Missouri Securities Division Takes Step to Order John Rallo and FFH Holdings, LLC to Pay $1.36 Million

Jefferson City, MO (STL.News) – Missouri Secretary of State Jay Ashcroft’s Securities Division ordered John Rallo and his company FFH Holdings LLC to cease and desist after he allegedly sold unregistered, non-exempt securities to Missouri residents.

From approximately August 2015 to June 2016, Rallo allegedly solicited at least six investors — residents of O’Fallon, St. Louis and Wildwood, Missouri — to invest over $1.3 million in his business FFH Holdings.  Rallo represented that the investment funds would be used to buy interests in Food For Health International, a Utah business, purportedly in the business of buying and selling coconut powder to, among others, Costco and Sam’s Club.

From approximately March 2016 to March 2018, Rallo received payments back from Food For Health International that totaled more than $1 million.  However, Rallo paid only approximately $38,000 in returns to investors.  Rallo represented to investors that the then-president of Food For Health International mismanaged the investment funds and they were having financial difficulties.  Rallo spent a majority of the invested funds on other businesses he controlled.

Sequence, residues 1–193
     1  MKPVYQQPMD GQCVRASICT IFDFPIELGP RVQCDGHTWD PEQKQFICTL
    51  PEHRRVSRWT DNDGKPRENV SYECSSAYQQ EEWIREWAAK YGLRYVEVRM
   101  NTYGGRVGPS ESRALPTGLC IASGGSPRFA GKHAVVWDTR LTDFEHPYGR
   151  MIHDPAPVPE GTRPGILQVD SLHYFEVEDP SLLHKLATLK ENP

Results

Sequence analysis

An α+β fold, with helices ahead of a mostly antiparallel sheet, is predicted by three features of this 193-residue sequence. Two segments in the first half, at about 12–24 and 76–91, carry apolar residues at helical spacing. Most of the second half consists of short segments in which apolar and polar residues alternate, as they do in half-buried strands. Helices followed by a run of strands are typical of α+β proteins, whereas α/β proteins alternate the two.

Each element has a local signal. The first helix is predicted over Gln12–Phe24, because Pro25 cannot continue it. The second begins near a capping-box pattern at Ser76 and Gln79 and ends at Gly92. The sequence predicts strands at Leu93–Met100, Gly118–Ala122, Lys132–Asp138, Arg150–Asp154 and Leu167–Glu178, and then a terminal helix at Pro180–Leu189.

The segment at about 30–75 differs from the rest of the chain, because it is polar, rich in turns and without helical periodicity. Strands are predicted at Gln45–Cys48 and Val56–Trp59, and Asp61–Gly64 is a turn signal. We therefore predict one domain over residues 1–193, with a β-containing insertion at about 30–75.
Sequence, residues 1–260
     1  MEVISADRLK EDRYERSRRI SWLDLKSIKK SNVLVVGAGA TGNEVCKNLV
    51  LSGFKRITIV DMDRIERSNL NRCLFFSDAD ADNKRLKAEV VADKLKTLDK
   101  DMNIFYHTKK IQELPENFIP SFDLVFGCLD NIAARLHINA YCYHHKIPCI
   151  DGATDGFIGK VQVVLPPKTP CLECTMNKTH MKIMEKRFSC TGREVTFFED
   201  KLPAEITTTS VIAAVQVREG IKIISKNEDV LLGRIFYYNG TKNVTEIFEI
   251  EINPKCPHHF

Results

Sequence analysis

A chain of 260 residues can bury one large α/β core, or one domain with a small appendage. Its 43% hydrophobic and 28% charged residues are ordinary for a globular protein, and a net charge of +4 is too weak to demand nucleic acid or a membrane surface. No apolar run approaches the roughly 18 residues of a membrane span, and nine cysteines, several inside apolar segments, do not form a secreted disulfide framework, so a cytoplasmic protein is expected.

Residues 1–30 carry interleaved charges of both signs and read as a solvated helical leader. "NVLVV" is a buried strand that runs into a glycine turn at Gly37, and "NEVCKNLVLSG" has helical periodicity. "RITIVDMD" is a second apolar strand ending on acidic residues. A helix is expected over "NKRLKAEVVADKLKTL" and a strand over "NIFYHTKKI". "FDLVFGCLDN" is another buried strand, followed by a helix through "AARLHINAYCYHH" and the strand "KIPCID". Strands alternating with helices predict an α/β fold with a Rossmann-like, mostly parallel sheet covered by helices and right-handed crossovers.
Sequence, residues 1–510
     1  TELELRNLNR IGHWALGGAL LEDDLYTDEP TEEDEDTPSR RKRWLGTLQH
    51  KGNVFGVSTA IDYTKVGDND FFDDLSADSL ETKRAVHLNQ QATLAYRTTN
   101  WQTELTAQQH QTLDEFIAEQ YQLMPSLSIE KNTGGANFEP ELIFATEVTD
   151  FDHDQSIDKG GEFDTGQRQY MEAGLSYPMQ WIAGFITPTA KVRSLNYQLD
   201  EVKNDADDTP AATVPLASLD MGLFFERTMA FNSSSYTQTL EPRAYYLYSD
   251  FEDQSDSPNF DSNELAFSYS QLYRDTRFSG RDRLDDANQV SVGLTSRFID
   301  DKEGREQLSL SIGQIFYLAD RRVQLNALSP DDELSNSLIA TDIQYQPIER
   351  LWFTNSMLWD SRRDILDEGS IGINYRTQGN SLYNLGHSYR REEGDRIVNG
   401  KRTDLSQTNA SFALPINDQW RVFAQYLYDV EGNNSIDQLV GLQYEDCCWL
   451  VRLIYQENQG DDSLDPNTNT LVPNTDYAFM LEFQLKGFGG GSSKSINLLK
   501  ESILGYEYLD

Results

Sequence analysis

“Securities should only be offered by people that are properly registered,” Securities Commissioner David M. Minnick said.  “Every securities product offered for sale in Missouri must be registered or qualify for an exemption from registration under Missouri or Federal Law.  If you’re unsure about an investment, contact our office before investing.”

The division ordered Rallo and FFH Holdings to show cause why they should not be ordered to pay restitution plus interest, civil penalties and investigations costs totaling more than $1.36 million.

On May 10, 2019, Rallo pleaded not guilty to three counts of honest services fraud in U.S. District Court relating to former St. Louis County Executive Steve Stenger.  Stenger recently resigned and pleaded guilty to three federal counts in a pay-to-play scheme following a yearlong, wide-ranging federal investigation.  According to the St. Louis Post-Dispatch, Stenger “admitted involvement in five ‘schemes’ as part of his plea, four of which involve frequent donor John Rallo.”

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